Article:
GILDFORD, MONT. Hutterite columnist closed cultural chasm
The Hutterites are an Anabaptist sect, like the Amish and Mennonites.
GILDFORD, Mont. (AP) -- Lisa Marie Stahl became a newspaper columnist when she was just 15, writing about the traditions and day-to-day activities of her Hutterite colony in north-central Montana.
Her slice-of-life columns seemed to touch a chord with readers, and ultimately caught the eye of a journalist on the Great Falls Tribune, where she's been writing a biweekly column for the past three years.
"She's really broken down a lot of stereotypes and put a personal face on Hutterite culture for the people who maybe only see Hutterites in the store or pass them on the road," says Karen Ivanova, who edits Stahl's column.
"People write about her like she's their best friend," Ivanova adds. "I think one reason she is so popular is, she reminds us all of our roots."
Calling it quits
But this month, Stahl, 20, will give up her column to be baptized and marry in the Gildford Colony, a transition to adulthood that requires her to give up the pursuits of her youth.
"I'm kind of sad about leaving my column but am really happy with myself," she says from the kitchen of the house she shares with her parents and five of her six siblings. "I'm taking two really important steps in my life. I'm kind of happy to be going on in life. But, at the same time, I'm sad about leaving something this big behind."
The Hutterites have roots in the 16th-century Anabaptist religious movement in Europe -- the same movement that gave rise to the Mennonites and Amish. They live in communal agricultural colonies where the men and women have traditional roles and wear traditional clothing.
Technology is embraced on the colony, as long as it helps advance the common good. Men use tractors and combines. Stahl's family has a microwave and coffee maker. She has an e-mail account through the colony school's computer, a luxury very few have and one she uses to answer e-mails. She faxes her column to her editor.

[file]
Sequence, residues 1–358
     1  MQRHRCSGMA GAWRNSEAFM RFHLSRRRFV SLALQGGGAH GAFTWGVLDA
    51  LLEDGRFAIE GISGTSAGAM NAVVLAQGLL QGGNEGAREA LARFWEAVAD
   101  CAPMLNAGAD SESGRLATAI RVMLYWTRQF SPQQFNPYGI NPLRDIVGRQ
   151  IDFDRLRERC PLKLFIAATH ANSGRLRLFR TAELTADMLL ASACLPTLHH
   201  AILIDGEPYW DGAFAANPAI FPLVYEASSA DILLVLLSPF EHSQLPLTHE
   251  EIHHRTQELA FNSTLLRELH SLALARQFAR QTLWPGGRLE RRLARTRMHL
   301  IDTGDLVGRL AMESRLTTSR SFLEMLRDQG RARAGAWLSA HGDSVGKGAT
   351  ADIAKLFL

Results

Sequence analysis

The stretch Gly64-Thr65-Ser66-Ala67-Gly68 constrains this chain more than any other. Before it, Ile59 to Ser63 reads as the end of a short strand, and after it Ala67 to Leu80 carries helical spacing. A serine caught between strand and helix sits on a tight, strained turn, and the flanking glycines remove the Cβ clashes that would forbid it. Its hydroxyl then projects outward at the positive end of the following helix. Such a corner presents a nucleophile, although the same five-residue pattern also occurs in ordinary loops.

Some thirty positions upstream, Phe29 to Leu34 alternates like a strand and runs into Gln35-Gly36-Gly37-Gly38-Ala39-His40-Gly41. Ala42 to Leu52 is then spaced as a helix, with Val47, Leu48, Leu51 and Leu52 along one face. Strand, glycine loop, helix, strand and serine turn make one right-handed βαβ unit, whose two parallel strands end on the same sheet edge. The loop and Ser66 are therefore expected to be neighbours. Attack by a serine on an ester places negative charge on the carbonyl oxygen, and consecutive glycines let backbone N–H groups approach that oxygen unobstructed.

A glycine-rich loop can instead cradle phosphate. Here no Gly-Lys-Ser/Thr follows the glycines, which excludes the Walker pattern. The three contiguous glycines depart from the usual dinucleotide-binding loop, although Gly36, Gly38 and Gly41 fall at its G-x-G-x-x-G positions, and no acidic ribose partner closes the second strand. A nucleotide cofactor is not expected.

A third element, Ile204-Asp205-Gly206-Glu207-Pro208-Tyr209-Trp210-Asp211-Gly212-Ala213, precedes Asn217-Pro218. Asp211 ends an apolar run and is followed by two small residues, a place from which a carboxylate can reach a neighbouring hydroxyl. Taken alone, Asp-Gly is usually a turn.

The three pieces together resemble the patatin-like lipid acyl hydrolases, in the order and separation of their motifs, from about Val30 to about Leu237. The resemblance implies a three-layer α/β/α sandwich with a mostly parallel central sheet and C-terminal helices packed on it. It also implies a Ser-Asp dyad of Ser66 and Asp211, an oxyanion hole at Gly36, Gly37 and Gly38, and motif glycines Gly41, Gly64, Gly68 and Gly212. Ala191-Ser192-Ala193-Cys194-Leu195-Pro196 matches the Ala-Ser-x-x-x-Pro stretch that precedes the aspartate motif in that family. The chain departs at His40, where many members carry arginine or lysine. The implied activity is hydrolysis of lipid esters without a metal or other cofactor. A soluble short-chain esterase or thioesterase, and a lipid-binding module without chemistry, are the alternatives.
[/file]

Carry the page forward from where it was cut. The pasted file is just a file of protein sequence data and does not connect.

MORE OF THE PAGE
Didn't see it coming
Stahl never imagined how much interest her column would garner -- or how great a burden it sometimes would become -- when she first agreed five years ago to write about life within the colony for the local newspaper, the Havre Daily News.
At the time, no one in her small farming colony of about 60 people had done anything like it. Her parents gave her their blessing, thinking it would only last through the school year.
"I figured it would be a good challenge for her," Susanna Stahl, 49, says of her eldest daughter, who had written short stories and for a school and colony newspaper. "All people don't have that gift."
After Stahl began writing for the Great Falls Tribune, she found herself stopped by total strangers who recognized her from the column picture.
Once largely greeted by stares, Stahl says she now finds non-Hutterites more willing to approach her -- to talk or just offer a smile. She is even occasionally asked for an autograph.
She says her columns sometime answer questions she would consider silly, but realizes many people have.
No, she says, Hutterite marriages are not arranged. Yes, Hutterites do pay taxes -- "Show me what United States law says you can't pay taxes," she says. No, not all Hutterites dress alike; styles vary from colony to colony, she says. And, yes, Hutterites are pacifists.
Stahl's writing, though well-received by newspaper readers, has caused some concern among other Hutterites.
She quit writing for a brief period in 2001 and wrote, in a column that coincided with her 19th birthday, that she intended it to be her last. The column, she wrote, "has encountered many challenges and has, no doubt, raised eyebrows within my culture, as well as within my own community."
But her retirement was short-lived. Her readers wouldn't let her go quietly and sent letters encouraging her to return.
Stahl's final columns, she says, will focus on preparations for her baptism and marriage. She says she hopes someone else will step forward to continue her column, to help further the understanding between the two neighboring cultures.
"I feel I've opened a door," she says. "I've done quite enough."
Ivanova says Stahl's decision will leave a void.
"I don't know if there's anybody else out there like her," Ivanova says. "What she does is really a necessary service for Montana."